Whether an organization is managing vulnerabilities within IT or OT systems, prioritization stands as a huge factor for impactfully reducing the risk of attacks that leverage flaws within these systems. Organizations will always find more flaws in their assets than their team will ever be able to fix. The trick is sifting through all these vulnerabilities and first addressing the ones that pose the biggest risk to an organization.
We initially started this blog series on best practices in OT vulnerability management with a general explanation of why vulnerability management in ICS environments is very different than in the traditional IT world of servers and enterprise endpoints. In this second installment of the series, we’ll put an exclamation point on that by specifically explaining how remediation prioritization differs in OT versus IT, and why industrial organizations need specialized guidance in setting ongoing priorities for their OT vulnerability management programs.
The Role of Prioritization in Vulnerability Management
One useful model that depicts the four stages of vulnerability management is broken down as follows:
- Discover Assets: Create an asset inventory across which vulnerabilities will be managed.
- Identify/Classify: Find and document vulnerabilities across asset portfolio through vulnerability assessment.
- Prioritize: Rank identified vulnerabilities by risk to decide what gets fixed and when.
- Remediate/Mitigate/Accept: Act on prioritization by either fixing flaws, instituting compensating controls around them, or accepting the risk of the vulnerability if other factors require it.
In the critical Prioritize stage, vulnerability actions tend to be determined by classification data like Common Vulnerability Scoring System (CVSS) scoring about a flaw’s severity, as well as intelligence about how it is typically exploited in the wild. This should also reflect business risk based on what the asset is, how it is used, and what the potential impact could be for the business.
How OT Vulnerability Management Prioritization Is Different
Prioritization of OT vulnerabilities takes special care because there are so many added dimensions of risk to be considered that don’t exist for IT systems. IT vulnerability priorities are primarily set using severity scoring and (sometimes) business criticality of an asset. But OT asset managers must also consider operational and physical world ramifications of an exploited vulnerability. These concerns can often completely change prioritization calculations in OT environments.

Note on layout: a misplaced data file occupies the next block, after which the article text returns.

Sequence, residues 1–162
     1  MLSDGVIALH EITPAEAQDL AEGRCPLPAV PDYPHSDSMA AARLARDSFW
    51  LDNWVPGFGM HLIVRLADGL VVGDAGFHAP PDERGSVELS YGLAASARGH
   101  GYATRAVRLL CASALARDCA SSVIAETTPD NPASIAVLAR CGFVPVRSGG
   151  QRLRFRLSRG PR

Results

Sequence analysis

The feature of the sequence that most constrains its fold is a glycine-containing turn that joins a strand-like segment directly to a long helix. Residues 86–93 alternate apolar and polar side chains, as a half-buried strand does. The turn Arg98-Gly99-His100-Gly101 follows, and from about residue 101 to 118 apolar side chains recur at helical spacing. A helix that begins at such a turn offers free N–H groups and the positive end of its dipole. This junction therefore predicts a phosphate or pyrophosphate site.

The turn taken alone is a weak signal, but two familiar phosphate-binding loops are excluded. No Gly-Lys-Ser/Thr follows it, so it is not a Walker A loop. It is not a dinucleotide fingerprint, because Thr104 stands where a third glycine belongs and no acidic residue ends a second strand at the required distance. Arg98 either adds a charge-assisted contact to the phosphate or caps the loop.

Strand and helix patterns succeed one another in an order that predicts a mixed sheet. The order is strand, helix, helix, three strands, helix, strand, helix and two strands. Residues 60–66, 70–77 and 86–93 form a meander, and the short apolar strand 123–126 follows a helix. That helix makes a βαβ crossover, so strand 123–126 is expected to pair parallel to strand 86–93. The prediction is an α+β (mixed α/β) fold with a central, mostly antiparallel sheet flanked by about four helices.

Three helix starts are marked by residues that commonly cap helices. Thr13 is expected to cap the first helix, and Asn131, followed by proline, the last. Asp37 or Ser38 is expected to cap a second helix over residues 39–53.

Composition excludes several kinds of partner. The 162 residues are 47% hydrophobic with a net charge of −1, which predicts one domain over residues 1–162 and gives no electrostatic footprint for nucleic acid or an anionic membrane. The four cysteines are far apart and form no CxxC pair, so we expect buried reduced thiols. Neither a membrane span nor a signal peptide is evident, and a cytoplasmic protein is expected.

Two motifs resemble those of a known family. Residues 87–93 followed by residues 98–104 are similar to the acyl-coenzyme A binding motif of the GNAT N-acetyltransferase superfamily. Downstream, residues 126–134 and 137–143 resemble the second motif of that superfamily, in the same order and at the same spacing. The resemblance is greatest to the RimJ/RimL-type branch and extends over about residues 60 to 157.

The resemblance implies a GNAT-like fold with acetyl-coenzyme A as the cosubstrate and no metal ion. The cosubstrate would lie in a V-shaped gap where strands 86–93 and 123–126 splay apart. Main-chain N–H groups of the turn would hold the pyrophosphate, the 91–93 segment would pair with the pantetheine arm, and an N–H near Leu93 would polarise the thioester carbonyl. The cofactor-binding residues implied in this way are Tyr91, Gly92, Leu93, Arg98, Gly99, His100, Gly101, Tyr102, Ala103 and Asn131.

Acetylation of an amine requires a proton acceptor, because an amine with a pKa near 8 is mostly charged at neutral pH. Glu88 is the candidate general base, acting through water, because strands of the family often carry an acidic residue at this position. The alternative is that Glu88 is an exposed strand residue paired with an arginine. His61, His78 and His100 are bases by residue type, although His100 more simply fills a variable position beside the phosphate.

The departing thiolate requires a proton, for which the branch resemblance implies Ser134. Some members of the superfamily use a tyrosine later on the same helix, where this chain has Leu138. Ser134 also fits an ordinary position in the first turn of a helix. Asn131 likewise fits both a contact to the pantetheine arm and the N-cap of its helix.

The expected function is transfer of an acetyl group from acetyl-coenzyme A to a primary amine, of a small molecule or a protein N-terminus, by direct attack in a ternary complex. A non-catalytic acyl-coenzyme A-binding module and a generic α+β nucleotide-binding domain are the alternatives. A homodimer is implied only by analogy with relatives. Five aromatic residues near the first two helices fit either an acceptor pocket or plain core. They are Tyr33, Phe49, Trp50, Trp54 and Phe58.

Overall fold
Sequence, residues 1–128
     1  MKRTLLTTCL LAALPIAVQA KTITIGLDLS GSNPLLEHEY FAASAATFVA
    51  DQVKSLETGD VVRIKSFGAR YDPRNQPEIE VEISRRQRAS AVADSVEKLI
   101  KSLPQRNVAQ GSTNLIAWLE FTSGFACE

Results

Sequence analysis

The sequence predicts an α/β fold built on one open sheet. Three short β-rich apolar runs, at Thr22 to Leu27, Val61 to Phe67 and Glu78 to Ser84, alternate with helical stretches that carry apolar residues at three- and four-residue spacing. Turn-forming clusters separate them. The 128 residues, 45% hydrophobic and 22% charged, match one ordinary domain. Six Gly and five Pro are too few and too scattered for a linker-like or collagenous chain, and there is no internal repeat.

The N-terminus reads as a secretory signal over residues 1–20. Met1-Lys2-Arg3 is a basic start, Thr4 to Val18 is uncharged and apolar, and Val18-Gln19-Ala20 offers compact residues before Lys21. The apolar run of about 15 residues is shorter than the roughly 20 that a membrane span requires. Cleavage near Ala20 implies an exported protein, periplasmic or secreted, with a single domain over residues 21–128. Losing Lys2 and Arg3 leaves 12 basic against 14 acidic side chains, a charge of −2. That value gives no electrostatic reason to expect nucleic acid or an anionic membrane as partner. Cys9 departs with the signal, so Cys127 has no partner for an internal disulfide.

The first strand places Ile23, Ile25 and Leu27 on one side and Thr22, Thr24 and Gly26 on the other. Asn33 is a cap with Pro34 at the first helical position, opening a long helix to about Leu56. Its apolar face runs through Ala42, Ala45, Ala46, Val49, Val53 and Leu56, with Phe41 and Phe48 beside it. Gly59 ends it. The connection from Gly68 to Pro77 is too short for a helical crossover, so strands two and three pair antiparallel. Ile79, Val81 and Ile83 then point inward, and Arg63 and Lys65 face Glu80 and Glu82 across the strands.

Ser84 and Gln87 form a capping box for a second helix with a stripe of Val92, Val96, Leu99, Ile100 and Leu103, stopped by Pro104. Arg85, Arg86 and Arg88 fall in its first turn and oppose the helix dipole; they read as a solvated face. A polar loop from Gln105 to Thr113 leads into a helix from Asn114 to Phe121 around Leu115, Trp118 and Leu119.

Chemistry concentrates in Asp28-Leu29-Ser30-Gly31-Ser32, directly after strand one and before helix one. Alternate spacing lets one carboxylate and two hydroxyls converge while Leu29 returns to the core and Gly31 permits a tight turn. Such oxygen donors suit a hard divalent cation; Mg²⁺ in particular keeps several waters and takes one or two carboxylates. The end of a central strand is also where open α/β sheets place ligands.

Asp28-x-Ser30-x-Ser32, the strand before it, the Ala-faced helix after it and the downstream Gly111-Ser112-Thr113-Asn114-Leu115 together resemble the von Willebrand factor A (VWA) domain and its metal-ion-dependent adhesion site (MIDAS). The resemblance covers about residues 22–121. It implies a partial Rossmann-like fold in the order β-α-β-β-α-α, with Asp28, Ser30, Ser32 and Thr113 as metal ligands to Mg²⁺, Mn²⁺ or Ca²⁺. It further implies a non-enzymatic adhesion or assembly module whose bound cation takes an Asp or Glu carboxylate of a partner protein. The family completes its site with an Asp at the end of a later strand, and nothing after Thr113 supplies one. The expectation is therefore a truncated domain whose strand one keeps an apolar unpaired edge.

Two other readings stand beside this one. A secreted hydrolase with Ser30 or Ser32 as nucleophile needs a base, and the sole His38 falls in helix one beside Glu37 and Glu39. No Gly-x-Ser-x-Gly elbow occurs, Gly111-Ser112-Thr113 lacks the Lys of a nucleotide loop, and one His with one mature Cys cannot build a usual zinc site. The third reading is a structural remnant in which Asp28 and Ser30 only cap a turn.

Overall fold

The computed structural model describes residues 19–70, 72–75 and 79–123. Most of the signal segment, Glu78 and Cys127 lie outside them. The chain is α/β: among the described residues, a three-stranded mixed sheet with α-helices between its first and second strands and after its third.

Unfortunately, OT vulnerabilities are on a marked uptick and many of the standard risk advisories that impact OT systems are riddled with errors and lack appropriate mitigation advice. In the 2021 Dragos Year In Review, Dragos explained that the number of published ICS and OT vulnerabilities has nearly doubled from 2020 through 2021. Dragos analysis of 1703 ICS/OT common vulnerabilities and exposures (CVEs) in 2021 showed:
- 38% of OT vulnerabilities contained errors in the Common Vulnerability Scoring System (CVSS) score associated with the CVE.
- 24% had no patch
- 19% had no patch and no alternate mitigation
- 64% with a patch had no alternate mitigation
- 35% of ICS and OT vulnerability advisories in 2021 could cause both a loss of view and loss of control in an OT system
Identifying critical ‘crown jewel’ assets – those crucial to keeping industrial machinery operating, for instance – is key in making OT vulnerability prioritization decisions. But it doesn’t provide a clear-cut determination of escalation to immediate action, either.
Often crown jewel assets also carry the highest operational risk if they’re disrupted by vulnerability remediation activity. They’re also critical pieces of equipment that are ideally the most likely to be protected by the most security controls in an OT environment. So, the decision is much more nuanced than that.
Organizations need to also consider internal factors such as which are the most connected systems in their OT networks – connected to third parties, different vendors, and the outside world, especially if a path to the internet exists through these assets. Those are systems that are normally at the most risk to many of the OT vulnerabilities that surface. Additionally, threat intelligence about how vulnerabilities are leveraged in the wild within OT environments plays a factor.
The number of ICS/OT vulnerabilities discovered may have doubled between 2020 and 2021, but Dragos found that only 4% of these flaws required immediate action because they were being actively exploited in the wild or for which there was a public exploit available. The trick, of course, is understanding which 4% of the flaws are the ones that are most important. This is why a mature vulnerability management program, backed by an automated platform that can provide ready made guidance on vulnerability priorities, is so very important.
In our next blog in the series, we’ll explore how OT asset owners need to actively manage vendor relationships to improve their vulnerability management practices.
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